The "father" of an elusive subatomic particle said Monday he is almost sure it will be discovered in the next year in a race between powerful research equipment in the United States and Europe.
British physicist Peter Higgs, who more than 40 years ago postulated the existence of the particle in the makeup of the atom, said his visit to a new accelerator in Geneva over the weekend encouraged him that the so-called Higgs boson will soon be seen.
The $2 billion Large Hadron Collider, under construction since 2003, is expected to start operating by June at the European Laboratory for Particle Physics, which is known as CERN.
It likely will take several months before the hundreds of scientists from all over the world at the laboratory are ready to start smashing together protons to study their composition.
But Higgs said the particle may already have been created at the rival Fermi National Accelerator Laboratory outside Chicago, where the Tevatron is currently the world's most powerful particle accelerator.
"The Tevatron has plenty of energy to do it," said Higgs. "It's just the difficulty of analyzing the data which prevents you from knowing quickly what's hiding in the data."
The massive new CERN collider, which has been installed in a 17-mile circular tunnel under the Swiss-French border, will be more powerful still and will be better able to show what particles are created in the collisions of beams of protons traveling at the speed of light.
The new Geneva collider will recreate the rapidly changing conditions in the universe a split second after the Big Bang. It will be the closest that scientists have yet come to the event that they theorize was the beginning of the universe.
They hope the new equipment will enable them to study particles and forces yet unobserved.
But Fermilab still has time to be first if it can show that it has discovered the Higgs boson.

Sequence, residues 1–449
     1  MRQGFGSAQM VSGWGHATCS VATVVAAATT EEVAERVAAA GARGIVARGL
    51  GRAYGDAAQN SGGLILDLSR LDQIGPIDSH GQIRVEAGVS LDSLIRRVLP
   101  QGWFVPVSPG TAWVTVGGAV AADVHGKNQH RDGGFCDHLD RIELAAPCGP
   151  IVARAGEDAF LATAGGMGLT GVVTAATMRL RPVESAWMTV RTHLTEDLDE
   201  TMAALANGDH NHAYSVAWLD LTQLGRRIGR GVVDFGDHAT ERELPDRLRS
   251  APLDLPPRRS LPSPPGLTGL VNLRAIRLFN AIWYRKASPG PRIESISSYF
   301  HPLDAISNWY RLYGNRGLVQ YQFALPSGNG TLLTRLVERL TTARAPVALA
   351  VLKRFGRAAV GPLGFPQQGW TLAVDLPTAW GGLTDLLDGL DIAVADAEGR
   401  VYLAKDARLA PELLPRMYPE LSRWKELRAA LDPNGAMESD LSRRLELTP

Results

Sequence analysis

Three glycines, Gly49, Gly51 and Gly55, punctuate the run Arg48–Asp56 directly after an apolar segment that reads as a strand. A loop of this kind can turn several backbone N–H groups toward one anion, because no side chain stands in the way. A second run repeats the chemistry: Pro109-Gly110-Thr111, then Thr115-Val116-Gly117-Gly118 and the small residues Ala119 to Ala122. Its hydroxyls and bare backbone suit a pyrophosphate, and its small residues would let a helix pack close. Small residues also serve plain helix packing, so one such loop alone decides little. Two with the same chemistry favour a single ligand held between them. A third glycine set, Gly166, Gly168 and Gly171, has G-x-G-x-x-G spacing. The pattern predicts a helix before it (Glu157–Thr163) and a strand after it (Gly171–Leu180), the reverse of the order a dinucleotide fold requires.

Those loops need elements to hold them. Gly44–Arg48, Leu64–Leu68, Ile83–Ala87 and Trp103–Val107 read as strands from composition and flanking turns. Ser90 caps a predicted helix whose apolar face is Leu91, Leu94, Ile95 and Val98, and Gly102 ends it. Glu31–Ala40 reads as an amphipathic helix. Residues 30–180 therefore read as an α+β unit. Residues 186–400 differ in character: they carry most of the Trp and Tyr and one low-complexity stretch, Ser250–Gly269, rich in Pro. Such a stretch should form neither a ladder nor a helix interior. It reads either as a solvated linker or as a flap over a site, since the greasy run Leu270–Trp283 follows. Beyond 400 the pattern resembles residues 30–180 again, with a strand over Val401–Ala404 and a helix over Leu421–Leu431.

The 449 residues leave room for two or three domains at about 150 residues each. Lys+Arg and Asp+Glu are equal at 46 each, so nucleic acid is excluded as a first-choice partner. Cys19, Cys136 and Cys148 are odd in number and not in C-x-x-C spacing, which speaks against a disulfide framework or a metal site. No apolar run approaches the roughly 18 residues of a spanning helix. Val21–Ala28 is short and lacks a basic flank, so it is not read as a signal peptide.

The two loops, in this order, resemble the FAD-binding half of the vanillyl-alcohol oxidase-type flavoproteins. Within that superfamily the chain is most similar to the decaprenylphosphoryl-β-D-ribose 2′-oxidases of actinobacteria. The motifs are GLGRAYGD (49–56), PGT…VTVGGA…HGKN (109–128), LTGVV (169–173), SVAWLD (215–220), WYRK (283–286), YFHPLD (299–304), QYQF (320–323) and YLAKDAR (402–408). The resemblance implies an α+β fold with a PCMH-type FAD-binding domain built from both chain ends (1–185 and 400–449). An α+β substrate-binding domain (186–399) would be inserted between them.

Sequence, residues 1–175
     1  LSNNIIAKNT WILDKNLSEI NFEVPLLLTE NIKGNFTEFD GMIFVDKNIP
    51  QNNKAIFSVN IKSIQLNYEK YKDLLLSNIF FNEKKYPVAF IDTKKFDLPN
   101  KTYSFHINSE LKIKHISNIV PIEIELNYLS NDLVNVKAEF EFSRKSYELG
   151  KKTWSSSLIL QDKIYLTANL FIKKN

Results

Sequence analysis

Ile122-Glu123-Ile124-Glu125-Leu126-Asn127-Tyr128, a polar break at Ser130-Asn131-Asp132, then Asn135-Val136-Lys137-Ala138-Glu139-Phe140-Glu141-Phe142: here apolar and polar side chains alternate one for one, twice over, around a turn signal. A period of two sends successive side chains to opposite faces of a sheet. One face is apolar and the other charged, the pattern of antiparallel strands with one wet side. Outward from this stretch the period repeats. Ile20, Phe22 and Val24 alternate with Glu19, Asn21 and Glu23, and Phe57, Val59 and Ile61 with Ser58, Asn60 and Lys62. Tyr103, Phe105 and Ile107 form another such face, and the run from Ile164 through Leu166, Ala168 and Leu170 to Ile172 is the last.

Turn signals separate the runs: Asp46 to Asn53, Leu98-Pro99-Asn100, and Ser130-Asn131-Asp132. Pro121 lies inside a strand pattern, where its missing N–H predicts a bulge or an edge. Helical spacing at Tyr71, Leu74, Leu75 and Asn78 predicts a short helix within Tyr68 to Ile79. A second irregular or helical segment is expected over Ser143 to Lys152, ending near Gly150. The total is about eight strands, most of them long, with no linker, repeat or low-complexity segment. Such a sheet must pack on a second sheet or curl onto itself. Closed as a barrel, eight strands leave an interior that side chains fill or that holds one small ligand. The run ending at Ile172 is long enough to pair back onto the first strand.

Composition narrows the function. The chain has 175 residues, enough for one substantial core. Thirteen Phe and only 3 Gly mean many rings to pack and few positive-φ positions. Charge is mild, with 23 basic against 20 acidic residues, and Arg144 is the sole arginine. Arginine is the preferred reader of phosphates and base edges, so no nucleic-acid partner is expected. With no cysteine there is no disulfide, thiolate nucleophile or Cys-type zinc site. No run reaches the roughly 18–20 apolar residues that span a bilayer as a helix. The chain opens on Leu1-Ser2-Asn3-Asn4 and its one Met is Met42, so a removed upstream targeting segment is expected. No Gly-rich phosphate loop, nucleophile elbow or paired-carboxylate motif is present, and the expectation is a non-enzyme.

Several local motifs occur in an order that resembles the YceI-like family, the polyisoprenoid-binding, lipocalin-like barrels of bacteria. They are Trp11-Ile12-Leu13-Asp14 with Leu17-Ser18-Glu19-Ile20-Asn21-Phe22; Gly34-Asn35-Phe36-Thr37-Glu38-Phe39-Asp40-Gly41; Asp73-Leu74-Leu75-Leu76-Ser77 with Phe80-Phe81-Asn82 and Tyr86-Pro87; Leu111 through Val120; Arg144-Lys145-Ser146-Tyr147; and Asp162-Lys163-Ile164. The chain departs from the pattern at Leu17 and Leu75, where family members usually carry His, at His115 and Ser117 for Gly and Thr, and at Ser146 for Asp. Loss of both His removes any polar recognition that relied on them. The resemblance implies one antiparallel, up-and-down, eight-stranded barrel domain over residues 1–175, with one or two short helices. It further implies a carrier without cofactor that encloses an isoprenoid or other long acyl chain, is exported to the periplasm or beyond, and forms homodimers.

"It's a possibility," Higgs said. "The race is a very close thing. Fermilab are obviously trying very hard. It could be already in their data and just not found in the analysis yet. That's what they're certainly hoping — that they will at least get the first indication before LHC gets going."
Higgs told reporters that he is hoping to receive confirmation of his theory by the time he turns 80 at the end of May next year.
If not, he added "I'll just have to ask my GP [general practitioner, or physician] to keep me alive a bit longer."
Higgs predicted the existence of the boson while working at the University of Edinburgh to explain how atoms — and the objects they make up — have weight.
Without the particle, the basic physics theory — the "standard model" — lacks a crucial element, because it fails to explain how other subatomic particles — such as quarks and electrons — have mass.
The Higgs theory is that the bosons create a field through which the other particles pass.
The particles that encounter difficulty going through the field as though they are passing through molasses pick up more inertia, and mass. Those that pass through more easily are lighter.
Higgs said he would be "very, very puzzled" if the particle is never found because he cannot image what else could explain how particles get mass.
Higgs said initial reaction to his ideas in the early 1960s was skeptical.
"My colleagues thought I was a bit of an idiot," he said, noting that his initial paper explaining how his theory worked was rejected by an editor at CERN.
He said a colleague spent the summer at CERN right after he did his work on the theory.
"He came back and said, 'At CERN they didn't see that what you were talking about had much to do with particle physics.'
"I then added on some additional paragraphs and sent it off across the Atlantic to Physical Review Letters, who accepted it. The mention of what became known as the Higgs boson was part of the extra which was added on."